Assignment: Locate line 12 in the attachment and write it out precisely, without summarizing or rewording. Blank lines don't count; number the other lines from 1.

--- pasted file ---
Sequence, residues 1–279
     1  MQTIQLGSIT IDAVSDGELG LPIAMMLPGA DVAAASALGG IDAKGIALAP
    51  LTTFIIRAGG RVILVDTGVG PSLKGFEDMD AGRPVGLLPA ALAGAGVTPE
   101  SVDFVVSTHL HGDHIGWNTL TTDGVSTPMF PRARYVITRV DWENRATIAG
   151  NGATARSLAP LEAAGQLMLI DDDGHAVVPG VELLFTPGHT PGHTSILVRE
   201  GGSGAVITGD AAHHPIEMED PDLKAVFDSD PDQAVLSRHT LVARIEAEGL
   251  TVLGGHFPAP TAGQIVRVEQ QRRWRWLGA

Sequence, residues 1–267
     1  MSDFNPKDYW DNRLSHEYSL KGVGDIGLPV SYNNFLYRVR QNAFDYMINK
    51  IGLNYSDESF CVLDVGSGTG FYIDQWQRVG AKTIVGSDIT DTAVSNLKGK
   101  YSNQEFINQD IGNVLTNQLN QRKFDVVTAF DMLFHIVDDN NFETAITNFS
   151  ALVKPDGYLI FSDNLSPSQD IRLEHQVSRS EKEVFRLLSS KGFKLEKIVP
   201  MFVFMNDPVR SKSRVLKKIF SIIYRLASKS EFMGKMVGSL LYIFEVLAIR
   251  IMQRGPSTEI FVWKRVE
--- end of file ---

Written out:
   151  ALVKPDGYLI FSDNLSPSQD IRLEHQVSRS EKEVFRLLSS KGFKLEKIVP